IF YOU CAN PEEL IT, BUY CONVENTIONAL
Since you'll be tossing the peel, which is the part exposed to most of the pesticides, going certified organic isn't worth the extra money. This holds true for avocados, sweet potatoes, kiwis, mangoes and grapefruit. But if you can eat the peel -- like with apples, pears and grapes -- organic is a smart splurge.
SKIP BAGGED ORGANICS
Packaged organic veggies and lettuces are extra pricey because you're paying for the convenience of prechopping and prewashing. If you're willing to do some prep work, you can afford organics: Switch to heads of lettuce and whole veggies.
BUY CONVENTIONAL RICE, BREAD AND PASTA
Instead of shelling out for organic grains, focus on whole grains (like brown rice and whole wheat pasta), which aren't as processed as white carbs. They have a bigger impact on your health than organic varieties.
BUY STORE-BRAND DAIRY
Many chains (like Kroger and Walmart) have switched to buying from farmers that pledge not to use artificial growth hormones in their store-brand dairy, which is typically half the price of certified USDA organic. (The jury is still out on the health dangers of growth hormones -- aka rBST and rBGH -- in dairy, but staying away from them seems like the safest bet, especially if you have young kids.)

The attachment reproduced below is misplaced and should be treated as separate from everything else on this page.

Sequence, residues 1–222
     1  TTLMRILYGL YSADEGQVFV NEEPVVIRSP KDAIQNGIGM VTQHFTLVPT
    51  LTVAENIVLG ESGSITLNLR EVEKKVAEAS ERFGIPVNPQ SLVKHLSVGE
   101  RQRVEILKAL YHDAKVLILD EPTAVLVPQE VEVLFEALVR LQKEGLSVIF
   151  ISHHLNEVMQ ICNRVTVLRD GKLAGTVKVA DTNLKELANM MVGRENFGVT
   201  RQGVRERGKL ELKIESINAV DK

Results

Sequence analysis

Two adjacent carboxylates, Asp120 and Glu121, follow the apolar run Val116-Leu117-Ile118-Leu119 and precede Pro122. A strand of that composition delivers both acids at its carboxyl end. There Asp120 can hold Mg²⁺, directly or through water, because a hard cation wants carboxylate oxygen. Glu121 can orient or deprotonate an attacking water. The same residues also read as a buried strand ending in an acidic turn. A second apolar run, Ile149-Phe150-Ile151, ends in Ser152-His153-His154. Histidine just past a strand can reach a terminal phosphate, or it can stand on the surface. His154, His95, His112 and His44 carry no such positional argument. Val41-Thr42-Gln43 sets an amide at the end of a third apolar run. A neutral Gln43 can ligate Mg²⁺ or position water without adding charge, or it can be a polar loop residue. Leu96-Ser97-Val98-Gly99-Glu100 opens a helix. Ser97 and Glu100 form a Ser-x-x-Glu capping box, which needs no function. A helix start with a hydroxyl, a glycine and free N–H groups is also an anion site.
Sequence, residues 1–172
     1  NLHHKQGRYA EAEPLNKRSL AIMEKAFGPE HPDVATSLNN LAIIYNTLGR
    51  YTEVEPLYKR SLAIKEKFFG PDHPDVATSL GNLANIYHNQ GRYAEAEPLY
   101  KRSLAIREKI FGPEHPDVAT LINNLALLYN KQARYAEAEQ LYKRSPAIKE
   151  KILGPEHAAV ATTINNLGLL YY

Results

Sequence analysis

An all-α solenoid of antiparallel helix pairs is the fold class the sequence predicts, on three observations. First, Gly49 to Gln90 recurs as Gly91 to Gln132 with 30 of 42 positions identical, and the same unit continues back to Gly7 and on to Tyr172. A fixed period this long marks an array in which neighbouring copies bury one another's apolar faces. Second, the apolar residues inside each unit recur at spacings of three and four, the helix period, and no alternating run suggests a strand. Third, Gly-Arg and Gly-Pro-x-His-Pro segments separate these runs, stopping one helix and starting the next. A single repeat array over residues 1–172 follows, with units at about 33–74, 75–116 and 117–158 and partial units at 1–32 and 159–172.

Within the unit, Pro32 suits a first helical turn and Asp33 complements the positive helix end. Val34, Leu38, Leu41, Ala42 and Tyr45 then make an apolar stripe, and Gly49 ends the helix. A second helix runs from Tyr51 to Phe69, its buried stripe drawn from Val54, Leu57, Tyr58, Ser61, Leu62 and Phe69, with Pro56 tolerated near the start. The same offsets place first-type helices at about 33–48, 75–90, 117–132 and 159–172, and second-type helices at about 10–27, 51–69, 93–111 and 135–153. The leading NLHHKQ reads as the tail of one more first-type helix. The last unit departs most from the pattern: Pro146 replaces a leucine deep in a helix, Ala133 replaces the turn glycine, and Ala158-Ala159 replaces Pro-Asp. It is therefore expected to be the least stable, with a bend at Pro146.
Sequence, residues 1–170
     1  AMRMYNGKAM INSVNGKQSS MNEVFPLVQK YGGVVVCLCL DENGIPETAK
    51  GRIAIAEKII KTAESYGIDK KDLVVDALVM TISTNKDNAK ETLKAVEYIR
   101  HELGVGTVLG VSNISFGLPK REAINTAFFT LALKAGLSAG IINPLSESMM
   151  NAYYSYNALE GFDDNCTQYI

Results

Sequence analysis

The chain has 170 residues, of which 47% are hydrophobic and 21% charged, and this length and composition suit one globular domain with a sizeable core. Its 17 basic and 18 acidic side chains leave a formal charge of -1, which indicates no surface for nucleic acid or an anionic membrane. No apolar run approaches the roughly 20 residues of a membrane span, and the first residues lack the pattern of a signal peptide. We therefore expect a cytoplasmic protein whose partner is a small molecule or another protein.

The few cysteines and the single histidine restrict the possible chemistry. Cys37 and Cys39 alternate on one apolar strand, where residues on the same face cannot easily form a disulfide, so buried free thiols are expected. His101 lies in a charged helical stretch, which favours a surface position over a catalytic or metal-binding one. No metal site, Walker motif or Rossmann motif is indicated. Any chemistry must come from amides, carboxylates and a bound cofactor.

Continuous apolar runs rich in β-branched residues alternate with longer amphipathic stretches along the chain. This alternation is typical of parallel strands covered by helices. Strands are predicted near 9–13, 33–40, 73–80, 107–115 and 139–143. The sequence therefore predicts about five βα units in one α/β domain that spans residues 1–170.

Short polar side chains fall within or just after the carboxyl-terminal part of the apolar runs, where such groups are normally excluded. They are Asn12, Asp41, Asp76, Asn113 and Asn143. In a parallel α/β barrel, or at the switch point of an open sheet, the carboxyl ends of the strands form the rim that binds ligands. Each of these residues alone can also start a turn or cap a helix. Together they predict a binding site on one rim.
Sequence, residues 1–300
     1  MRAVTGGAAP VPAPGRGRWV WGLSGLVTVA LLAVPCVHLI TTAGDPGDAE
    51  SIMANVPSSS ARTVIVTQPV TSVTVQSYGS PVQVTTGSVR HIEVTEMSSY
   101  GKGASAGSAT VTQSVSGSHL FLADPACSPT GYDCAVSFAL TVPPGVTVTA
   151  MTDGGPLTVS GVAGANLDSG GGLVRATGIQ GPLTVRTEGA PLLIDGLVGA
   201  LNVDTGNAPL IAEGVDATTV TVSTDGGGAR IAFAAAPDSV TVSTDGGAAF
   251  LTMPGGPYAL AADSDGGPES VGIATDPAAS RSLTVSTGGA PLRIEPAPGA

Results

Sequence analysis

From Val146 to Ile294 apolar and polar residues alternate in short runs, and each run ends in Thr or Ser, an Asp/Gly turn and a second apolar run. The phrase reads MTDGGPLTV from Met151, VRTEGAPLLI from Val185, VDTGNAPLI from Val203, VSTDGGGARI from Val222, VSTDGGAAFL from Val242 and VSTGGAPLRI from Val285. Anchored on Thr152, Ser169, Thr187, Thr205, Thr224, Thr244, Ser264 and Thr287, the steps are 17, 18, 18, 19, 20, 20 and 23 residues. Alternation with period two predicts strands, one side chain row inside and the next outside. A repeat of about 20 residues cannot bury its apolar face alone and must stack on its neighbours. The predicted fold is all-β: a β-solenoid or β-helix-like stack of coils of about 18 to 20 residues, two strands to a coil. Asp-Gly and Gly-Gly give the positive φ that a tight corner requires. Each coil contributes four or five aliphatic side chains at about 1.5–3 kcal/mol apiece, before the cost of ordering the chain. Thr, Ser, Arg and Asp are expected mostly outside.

BUY ORGANIC EGGS
Eggs with the official USDA seal contain less saturated fat and more omega-3s and betacarotene than their conventional counterparts. (One note of caution: Don't pony up your pennies for eggs labeled "cage free," "free range" or "all-natural" -- those terms aren't as closely regulated.)
BUY GRASS-FED MEAT
"Pasture-raised" or "grass-fed" red meat can be about twice as expensive, but it contains more heart-healthy omega-3s and other good fats. Counteract the higher cost by eating red meat only once a week and choosing budget cuts like chuck, flank or skirt steak -- you won't be paying for fat or bone.
BUY ORGANIC CHICKEN IN BULK
Organic chicken offers some of the same health benefits (more nutrients and less fat) as organic beef, but it's much cheaper. Save up to 20 percent on the supermarket price by stocking up at club stores like Costco and buying the whole bird instead of breasts or thighs.
A big thanks to Sara Snow, TV host and author of Sara Snow's Fresh Living, for offering her expert advice.MORE LIKE THIS: